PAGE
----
If you don’t assess candidates before you hire and evaluate employees before you promote, here are seven tips to follow before selecting a pre-employment test:

  1. Articulate what is important to find out:  Is it good cultural fit?  Work attitude and integrity?  Potential to grow in the position?  Ability to work collaboratively or independently or both (most people can do one or the other, not both)?  Select tests accordingly.  The market is flooded with “personality tests.”  Not all personality tests areworkplace validated. Nor is one test the holy grail of employee testing. 
  2. Identify what positions should be tested. To start, look specifically at jobs with the highest turnover due to hiring mistakes, positions prone to attrition including transfers and retirement, and those roles that carry the biggest financial or security risks if you make a mistake.
  3. Make sure hiring managers can articulate exactly what criteria and characteristics are required to be successful in the job.  Descriptions like hard working, honesty, and highly motivated and the like are too vague and don’t always correlate with job skills and productivity. Here’s a rule to remember: if you can’t measure it, don’t rely on it.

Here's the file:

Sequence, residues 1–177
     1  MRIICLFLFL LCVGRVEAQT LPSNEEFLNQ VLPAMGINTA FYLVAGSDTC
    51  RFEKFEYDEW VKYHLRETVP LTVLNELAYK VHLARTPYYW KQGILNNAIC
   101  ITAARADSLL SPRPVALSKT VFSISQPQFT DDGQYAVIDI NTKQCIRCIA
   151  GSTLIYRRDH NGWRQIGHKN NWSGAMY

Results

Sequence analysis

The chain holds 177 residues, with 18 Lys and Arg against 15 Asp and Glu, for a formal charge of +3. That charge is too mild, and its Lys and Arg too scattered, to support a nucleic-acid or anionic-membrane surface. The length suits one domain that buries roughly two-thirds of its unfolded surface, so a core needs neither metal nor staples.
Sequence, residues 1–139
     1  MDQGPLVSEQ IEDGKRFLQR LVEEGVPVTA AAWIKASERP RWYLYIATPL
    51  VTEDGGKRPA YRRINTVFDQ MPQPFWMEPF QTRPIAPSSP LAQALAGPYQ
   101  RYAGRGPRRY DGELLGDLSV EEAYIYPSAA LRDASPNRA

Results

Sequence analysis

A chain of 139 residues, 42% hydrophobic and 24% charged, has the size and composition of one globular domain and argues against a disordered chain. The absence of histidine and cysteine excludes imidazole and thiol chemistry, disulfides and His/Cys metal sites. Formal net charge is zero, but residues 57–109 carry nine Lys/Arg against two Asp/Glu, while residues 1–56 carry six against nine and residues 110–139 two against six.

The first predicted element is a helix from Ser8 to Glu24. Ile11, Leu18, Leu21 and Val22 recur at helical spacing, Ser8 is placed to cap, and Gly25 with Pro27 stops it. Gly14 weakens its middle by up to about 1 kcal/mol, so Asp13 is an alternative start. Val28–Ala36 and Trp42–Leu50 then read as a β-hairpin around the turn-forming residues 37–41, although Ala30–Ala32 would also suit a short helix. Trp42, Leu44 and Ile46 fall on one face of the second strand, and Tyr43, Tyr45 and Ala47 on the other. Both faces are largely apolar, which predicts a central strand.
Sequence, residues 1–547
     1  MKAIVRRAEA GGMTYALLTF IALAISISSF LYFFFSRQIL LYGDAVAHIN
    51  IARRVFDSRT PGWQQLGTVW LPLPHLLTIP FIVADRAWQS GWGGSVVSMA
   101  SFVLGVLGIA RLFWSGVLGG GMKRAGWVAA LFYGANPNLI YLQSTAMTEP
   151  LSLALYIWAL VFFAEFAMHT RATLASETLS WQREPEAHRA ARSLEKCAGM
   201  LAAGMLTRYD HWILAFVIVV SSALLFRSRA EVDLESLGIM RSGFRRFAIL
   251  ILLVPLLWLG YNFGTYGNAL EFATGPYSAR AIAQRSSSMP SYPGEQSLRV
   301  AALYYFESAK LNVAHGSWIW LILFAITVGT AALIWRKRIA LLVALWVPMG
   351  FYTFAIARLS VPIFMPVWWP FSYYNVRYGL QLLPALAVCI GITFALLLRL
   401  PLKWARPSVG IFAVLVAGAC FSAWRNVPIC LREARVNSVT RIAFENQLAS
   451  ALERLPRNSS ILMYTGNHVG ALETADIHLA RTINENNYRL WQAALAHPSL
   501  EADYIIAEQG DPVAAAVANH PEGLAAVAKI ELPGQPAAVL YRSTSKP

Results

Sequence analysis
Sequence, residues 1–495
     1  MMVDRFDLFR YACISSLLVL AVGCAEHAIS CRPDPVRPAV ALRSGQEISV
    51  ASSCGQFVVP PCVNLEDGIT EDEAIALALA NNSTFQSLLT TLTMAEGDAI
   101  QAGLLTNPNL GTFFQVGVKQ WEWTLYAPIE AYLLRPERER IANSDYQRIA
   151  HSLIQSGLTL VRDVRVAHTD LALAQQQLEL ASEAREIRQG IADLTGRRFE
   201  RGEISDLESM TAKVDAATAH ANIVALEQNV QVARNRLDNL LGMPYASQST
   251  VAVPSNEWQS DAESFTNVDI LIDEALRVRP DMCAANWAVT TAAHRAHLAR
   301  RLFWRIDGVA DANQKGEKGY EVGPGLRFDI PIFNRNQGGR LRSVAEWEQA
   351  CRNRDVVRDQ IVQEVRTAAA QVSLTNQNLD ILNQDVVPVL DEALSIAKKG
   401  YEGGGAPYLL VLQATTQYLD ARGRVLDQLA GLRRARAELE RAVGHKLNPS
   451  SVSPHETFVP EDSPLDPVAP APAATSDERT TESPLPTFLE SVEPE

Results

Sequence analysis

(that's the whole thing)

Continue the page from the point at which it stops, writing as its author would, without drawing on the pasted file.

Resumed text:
4. Speak with hiring managers:  are they satisfied? Don’t worry about the cost of recruitment as much as you focus on the quality of the hires. Employees that satisfy managers are a win-win for everyone.
  5. Create an ROI metric that is important to your department’s or company’s bottom line.  Evaluate the effectiveness of the assessment based on savings from less turnover and reduced overtime or increases in productivity, reductions in on-the-job injuries, higher customer satisfaction and so on.  
  6. Be patient.  Don’t assume improvements from using pre-employment tests hit the bottom line overnight.  When the right tests are selected and integrated properly into your hiring and talent management systems, the savings from reduced turnover and/or increase productivity will pay for the additional cost of assessments many times over.   As a rule of thumb, savings are significant but often don’t show up for 6 to 12 months.
  7. Integrate pre-employment and job fit assessments into your selection and development process.  Best practices prescribe using employment assessments as part of a comprehensive process, not a replacement for the interview, background and reference checks, and on-the-job experience.